the NULL value is used to represent missing information. Because columns that have the same underlying domain can be used to relate tables of a database. The FK values in any tuple of a relation are either NULL or must appear as the PK values of a tuple of the corresponding relation. 6. or inapplicable data. In a relation.Attributes that are part of any key are called prime attributes. 8. Since the primary key is used to identify the tuples or rows of a relation. unknown. All Rights Reserved C3: Protected . none of its attributes may be NULL. Project 3. Restrict 2. Alternative Terminology for Relational Model Relational Operators Relational Model is based on the relational algebra of mathematics . The attributes of a FK have the same underlying domain as the set of attributes defined for the PK. Cognizant Technology Solutions. This imposes an additional condition or constraint on the keys known as the integrity constraint.Database Management System A Relational Model allows only one primary key per table. A NULL value is not a zero value A NULL value doesn’t represent a particular value within the computer. A primary key may be composed of a single attribute (single primary key) or more than one attribute (composite primary key) .Relational operators are part of the relational algebra which are mainly used to retrieve data from the tables. 7. Page 37 ©Copyright 2007. the concept of foreign key (FK) allows the DBMS to maintain consistency among the rows of two relations or between the rows of the same relation. Union Intersect Difference Join Dividion These operators take one or more relations as inputs and give a new relation as a result. 5. Product 4. There are 8 relational operators 1.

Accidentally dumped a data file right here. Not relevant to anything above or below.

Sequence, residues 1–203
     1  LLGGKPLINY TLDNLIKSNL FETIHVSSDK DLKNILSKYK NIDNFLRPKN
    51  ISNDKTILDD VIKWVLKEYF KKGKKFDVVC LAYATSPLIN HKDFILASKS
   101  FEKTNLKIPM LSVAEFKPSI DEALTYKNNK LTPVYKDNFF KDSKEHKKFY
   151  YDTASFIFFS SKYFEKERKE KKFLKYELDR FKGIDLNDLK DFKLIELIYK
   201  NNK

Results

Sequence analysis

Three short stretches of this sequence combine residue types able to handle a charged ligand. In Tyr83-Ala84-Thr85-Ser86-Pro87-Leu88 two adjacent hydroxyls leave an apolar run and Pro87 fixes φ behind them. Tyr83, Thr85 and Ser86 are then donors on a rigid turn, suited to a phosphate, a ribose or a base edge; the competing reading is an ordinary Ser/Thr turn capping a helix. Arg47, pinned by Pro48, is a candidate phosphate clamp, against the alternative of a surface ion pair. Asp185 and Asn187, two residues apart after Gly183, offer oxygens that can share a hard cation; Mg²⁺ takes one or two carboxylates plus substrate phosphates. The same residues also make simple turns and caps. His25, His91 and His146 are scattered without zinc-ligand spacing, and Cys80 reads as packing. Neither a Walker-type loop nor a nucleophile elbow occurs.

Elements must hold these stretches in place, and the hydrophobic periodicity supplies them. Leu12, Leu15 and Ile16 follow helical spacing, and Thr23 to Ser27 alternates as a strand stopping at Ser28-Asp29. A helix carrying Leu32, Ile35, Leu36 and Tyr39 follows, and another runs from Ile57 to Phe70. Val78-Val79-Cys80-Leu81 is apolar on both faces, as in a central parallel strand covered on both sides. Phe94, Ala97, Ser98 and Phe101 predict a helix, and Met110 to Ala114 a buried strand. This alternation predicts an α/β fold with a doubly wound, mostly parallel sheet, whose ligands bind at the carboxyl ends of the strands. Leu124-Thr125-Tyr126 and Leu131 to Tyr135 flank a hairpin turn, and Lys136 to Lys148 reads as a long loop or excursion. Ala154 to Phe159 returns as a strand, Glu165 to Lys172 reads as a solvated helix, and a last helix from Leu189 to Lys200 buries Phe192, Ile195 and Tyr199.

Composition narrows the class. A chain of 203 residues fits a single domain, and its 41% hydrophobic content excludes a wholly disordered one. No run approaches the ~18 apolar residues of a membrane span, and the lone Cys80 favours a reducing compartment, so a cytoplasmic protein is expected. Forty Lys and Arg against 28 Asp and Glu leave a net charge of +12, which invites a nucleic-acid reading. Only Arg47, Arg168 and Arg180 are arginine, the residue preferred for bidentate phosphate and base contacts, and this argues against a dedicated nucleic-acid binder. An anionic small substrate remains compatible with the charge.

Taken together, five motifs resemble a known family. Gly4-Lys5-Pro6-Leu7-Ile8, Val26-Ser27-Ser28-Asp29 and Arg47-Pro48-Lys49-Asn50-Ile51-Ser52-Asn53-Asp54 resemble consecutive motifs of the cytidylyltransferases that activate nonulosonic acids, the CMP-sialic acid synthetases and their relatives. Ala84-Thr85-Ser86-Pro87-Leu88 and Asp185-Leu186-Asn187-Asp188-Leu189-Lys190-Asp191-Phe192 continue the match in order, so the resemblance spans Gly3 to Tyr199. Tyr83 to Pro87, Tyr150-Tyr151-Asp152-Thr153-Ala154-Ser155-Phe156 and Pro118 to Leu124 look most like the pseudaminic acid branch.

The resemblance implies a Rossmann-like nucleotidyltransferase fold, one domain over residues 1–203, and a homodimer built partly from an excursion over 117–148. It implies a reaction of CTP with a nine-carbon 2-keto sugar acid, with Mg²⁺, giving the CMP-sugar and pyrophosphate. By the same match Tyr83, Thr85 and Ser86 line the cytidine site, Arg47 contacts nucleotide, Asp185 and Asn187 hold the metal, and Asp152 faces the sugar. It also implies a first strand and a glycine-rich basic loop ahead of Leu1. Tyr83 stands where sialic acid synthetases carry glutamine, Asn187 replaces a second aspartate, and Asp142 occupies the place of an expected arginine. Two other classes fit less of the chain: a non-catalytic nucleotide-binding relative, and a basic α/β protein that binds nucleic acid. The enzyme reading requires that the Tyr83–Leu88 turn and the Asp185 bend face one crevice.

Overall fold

using join predicate as selection formula. Product Defines a relation that is the concatenation of every tuple of relation R with every tuple of relation S. duplicate tuples being eliminated. To be union-compatible both the tables should have the same set of attributes. R and S must be union-compatible. Join Operations Join is a derivative of Cartesian product. or both R and S. Difference Works on two relations and retrieves data in the first relation which is not in the second relation. R and S must be union-compatible. Division Defines a relation over the attributes C that consists of set of tuples from R that match combination of every tuple in S. Intersect Intersection Defines a relation consisting of the set of all tuples that are in both R and S. extracting the values of specified attributes and eliminating duplicates. but not in S. Page 38 ©Copyright 2007. Equivalent to performing a Selection. over Cartesian product of the two operand relations. Cognizant Technology Solutions. Product Works on two or more relations and produces a Cartesian product of the relations as the result. All Rights Reserved C3: Protected . Project Projection Works on a single relation R and defines a relation that contains a vertical subset of R. or S. R and S must be union-compatible.Database Management System Restrict Works on a single relation R and defines a relation that contains only those tuples (rows) of R that satisfy the specified condition (predicate). Union Union of two relations R and S defines a relation that contains all the tuples of R. Defines a relation consisting of the tuples that are in relation R.